Offshore oil and Gas industry association, Oil & Gas UK, has revealed that nearly 470 million barrels of oil and gas is expected to be extracted from the North Sea in 2013, which is a five-fold jump on the average over the past three years.

According to the industry body, about two million barrels of oil a day are anticipated to come on stream by 2017, which would mark an increase from 1.5 million in 2013, reported The Telegraph.

Oil & Gas UK has attributed these higher estimates to a major rise in investment in the North Sea, from £11.4bn in 2012 to a record £13bn in 2013.

Oil & Gas chief executive, Malcolm Webb, said the forecast suggests a slump in investment in the North Sea since the 2000s is coming to an end.

The slump was worsened when UK Chancellor George Osborne announced a £2bn tax raid in 2011, which raised marginal tax rates on North Sea operators to up to 81pc.

Webb was quoted by the publication as saying the new incentives for the ‘awkward squad’ fields had ‘commercialised what would have been uncommercial projects’.

"Oil & Gas UK has attributed these higher estimates to a major rise in investment in the North Sea."

In September 2012, Osborne unveiled a new tax measure to support investment in older fields by allowing companies to shield some income from the supplementary charge on their profits.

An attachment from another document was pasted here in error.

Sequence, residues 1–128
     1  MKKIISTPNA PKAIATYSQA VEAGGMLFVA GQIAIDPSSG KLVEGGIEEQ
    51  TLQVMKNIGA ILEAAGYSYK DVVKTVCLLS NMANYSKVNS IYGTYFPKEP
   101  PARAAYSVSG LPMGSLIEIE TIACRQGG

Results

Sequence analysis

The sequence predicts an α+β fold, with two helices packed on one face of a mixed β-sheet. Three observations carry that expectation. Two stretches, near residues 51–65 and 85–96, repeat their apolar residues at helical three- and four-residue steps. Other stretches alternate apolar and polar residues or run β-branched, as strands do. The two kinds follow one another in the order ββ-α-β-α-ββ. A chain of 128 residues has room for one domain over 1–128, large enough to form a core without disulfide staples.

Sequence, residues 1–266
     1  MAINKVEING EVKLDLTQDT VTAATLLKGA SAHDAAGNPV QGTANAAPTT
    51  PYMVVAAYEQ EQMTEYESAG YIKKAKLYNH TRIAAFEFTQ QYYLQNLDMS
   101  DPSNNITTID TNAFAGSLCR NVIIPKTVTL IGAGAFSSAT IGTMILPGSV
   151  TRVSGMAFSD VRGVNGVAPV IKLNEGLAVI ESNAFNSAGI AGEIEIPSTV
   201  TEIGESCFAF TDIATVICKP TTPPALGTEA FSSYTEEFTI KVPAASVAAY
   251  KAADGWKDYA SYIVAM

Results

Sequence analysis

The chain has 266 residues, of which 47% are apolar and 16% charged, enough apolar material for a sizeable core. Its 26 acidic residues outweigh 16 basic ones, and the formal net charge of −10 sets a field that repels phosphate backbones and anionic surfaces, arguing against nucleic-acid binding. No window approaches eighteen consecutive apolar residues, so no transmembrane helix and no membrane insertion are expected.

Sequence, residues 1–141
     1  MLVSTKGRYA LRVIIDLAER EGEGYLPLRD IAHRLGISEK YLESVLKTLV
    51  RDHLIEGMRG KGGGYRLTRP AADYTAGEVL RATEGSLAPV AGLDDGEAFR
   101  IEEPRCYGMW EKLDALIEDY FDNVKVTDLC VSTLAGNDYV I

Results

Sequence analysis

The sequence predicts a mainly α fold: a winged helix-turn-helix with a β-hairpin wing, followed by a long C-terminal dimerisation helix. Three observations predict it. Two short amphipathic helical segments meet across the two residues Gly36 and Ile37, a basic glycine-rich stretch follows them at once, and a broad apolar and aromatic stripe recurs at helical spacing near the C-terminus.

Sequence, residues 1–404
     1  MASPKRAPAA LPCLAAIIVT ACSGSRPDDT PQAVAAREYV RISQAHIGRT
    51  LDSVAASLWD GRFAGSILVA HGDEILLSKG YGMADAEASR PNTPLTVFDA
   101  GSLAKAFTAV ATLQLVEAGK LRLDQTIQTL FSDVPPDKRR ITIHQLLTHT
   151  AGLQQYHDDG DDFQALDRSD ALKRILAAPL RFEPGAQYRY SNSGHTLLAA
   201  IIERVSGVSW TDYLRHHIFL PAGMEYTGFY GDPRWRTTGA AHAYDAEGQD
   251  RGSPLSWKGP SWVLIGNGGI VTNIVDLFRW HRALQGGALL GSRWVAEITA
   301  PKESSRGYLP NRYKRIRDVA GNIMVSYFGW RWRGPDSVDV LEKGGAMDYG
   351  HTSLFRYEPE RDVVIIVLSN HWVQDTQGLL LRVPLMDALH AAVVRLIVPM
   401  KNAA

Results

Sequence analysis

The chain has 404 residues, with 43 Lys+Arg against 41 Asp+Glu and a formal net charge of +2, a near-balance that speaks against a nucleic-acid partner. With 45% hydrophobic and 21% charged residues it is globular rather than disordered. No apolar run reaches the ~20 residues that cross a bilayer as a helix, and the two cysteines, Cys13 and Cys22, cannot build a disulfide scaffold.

Under the new measure, companies can shield up to £250m of income in qualifying ‘brown field’ projects or £500m for projects in fields paying Petroleum Revenue Tax, from the 32% supplementary charge rate.

Secretary of State for Energy and Climate Change Edward Davey said the UK Government’s latest tax relief in oil and gas reserves has attracted billions of pounds worth of projects for British companies and created thousands of new, highly skilled jobs in the country.

During the 2013 Budget, Osborne’s decision to guarantee tax relief on North Sea decommissioning expenditure has been welcomed by leaders of the oil and gas industry in the country.

In February 2013, the UK Government approved a $7bn investment by Norway’s Statoil in the Mariner heavy oil field, which is the largest new offshore development in the UK’s North Sea sector in more than a decade.

Image: The Mariner ultra-heavy oil field is located in the UK Continental Shelf (UKCS), in the northern North Sea.